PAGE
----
Distinguishing the Effectual Call, Regeneration, and Definitive Sanctification

Distinguishing between these various aspects of our redemption is a high delight of the soul, whereby we are moved and induced to joyfully praise God for the glorious salvation as we behold the beauty of the salvation He has wrought and conveyed to us in Christ. Thus, the purpose of this short article is to distinguish between three intimately related concepts in Reformed Theology – the effectual call, regeneration, and definitive sanctification.  The argument is as follows – (1) the effectual call, regeneration, and definitive sanctification are all parts of the same substantial act of God wherein He, effectually and without a mediator, turns the soul of man from sin to Himself in conversion. (2) Though each of these aspects of conversion happen at the same time chronologically, they do admit of a logical order – i.e. the effectual call precedes regeneration which precedes definitive sanctification. In a word, the elect soul is called to life by God in God’s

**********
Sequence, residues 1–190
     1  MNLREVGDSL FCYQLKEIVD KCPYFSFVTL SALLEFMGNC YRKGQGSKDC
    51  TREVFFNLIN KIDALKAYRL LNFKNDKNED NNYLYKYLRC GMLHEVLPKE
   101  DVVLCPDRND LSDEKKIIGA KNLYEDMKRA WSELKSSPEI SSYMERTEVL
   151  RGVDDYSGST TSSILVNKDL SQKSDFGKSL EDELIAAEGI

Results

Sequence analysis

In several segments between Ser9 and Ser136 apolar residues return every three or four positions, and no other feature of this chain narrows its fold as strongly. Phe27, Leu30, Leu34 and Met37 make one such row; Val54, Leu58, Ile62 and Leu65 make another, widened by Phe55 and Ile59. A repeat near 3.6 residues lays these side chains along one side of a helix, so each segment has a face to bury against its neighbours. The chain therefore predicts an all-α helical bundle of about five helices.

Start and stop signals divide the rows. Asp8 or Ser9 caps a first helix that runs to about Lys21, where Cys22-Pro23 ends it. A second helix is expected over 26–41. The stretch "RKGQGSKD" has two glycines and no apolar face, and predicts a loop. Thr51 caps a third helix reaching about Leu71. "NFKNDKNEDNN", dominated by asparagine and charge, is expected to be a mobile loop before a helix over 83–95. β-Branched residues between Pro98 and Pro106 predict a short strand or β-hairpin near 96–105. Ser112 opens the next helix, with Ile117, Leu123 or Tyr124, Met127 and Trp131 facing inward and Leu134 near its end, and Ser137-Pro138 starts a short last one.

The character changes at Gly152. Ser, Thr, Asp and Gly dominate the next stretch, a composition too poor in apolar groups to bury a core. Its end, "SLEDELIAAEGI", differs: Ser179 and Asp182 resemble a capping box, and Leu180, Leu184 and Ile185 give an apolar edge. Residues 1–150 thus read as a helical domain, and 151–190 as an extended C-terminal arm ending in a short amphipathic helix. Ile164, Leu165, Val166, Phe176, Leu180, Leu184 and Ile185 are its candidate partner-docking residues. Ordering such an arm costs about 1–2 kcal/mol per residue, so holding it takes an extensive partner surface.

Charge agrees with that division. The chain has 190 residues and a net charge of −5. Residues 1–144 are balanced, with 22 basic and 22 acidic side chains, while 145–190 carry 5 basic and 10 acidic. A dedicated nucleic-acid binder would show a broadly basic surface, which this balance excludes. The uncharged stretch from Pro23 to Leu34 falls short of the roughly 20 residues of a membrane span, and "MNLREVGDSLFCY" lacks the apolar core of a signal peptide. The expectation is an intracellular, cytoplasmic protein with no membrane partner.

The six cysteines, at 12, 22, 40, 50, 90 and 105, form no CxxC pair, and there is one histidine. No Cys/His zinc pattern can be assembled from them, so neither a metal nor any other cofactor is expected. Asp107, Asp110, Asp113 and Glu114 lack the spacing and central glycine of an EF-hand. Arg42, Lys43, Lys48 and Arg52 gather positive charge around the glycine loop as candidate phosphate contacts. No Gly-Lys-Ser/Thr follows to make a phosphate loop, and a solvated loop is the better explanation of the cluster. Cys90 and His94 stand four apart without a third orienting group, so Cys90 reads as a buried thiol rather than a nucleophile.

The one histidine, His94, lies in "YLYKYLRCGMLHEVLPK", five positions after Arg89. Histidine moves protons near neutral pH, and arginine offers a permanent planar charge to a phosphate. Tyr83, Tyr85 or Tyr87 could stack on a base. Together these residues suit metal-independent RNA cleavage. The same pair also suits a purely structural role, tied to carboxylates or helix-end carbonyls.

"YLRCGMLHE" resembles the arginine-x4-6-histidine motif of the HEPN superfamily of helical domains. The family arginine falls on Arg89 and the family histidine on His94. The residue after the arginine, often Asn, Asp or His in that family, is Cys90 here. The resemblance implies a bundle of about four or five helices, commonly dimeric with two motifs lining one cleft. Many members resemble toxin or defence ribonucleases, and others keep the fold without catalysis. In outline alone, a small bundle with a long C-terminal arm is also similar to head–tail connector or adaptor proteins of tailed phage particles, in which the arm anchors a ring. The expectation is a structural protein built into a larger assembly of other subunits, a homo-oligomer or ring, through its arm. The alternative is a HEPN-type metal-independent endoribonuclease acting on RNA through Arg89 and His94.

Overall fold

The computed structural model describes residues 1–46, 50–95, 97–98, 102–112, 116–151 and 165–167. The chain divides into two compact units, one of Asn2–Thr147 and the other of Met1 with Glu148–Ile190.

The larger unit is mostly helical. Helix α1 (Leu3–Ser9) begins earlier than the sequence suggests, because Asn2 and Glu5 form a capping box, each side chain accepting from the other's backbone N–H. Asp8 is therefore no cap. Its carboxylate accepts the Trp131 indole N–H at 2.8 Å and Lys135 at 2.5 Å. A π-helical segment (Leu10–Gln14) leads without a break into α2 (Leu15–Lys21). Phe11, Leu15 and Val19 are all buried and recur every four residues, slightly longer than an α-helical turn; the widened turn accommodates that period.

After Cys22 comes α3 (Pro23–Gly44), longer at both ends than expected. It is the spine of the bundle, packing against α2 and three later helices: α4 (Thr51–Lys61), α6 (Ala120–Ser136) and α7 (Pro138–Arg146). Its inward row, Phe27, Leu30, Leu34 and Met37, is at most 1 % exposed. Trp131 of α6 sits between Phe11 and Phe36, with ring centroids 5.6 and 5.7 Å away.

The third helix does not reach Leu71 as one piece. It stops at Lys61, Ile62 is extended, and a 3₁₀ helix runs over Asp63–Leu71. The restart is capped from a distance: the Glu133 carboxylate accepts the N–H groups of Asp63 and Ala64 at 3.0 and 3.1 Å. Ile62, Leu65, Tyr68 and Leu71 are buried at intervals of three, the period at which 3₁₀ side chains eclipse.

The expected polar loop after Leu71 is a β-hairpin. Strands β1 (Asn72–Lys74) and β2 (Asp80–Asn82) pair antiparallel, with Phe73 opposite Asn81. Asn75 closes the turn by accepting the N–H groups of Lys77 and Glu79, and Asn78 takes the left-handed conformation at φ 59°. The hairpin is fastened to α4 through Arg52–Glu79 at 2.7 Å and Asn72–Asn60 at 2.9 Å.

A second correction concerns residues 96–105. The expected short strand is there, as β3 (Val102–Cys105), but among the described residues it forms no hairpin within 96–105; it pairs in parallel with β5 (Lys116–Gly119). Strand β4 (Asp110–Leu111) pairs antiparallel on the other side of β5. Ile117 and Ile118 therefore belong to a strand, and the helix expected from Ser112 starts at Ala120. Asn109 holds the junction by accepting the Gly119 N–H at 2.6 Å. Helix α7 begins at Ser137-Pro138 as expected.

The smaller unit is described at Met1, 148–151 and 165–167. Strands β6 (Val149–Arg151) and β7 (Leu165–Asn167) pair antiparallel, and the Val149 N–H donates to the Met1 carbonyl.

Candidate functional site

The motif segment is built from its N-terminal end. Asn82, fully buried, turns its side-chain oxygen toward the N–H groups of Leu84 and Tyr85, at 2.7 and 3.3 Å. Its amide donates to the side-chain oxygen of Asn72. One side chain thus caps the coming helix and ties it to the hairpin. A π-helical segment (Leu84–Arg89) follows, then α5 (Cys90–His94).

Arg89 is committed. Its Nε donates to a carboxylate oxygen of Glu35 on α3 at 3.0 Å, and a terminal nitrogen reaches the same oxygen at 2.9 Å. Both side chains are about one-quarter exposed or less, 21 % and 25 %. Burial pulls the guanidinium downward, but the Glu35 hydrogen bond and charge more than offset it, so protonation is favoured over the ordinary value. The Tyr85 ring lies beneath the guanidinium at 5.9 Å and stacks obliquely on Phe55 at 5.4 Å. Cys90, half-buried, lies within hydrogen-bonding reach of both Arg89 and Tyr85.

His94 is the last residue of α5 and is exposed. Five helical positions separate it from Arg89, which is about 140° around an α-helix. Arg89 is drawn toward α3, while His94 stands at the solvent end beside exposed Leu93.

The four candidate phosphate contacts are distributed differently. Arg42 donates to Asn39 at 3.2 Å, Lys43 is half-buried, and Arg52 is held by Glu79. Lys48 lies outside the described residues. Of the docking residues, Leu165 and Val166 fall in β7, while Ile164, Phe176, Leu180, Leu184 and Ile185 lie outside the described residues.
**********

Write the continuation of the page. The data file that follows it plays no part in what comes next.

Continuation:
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10 Popular Misconceptions of Reformed Theology

1. Reformed Theology is a Biblicism In the discipline of Philosophy, epistemology is the study of knowledge: what knowledge is, what counts as knowledge, and the mechanism through which the person apprehends knowledge. The assertion of Biblicism is an assertion of epistemic (mental) authority. Biblicism contends that the Bible only is the rule for faith and life for Christians. Neither science, nor church tradition, nor conventional wisdom are our authorities in life, only the Bible. Biblicism is expressed in catch phrases like, “we have no creed but Christ and no authority but the Bible!” Reformed Theology, in distinction to this, posits that the Bible is the only infallible authority regarding the most necessary matters of faith and salvation (Sola Scriptura, Scripture alone). Here, infallibility means impossibility to err. Thus, Reformed Theology is not Biblicism in that it does not readily throw out the creeds, councils, and confessions of the church – nor science or history. It simply doesn’t place subordinate

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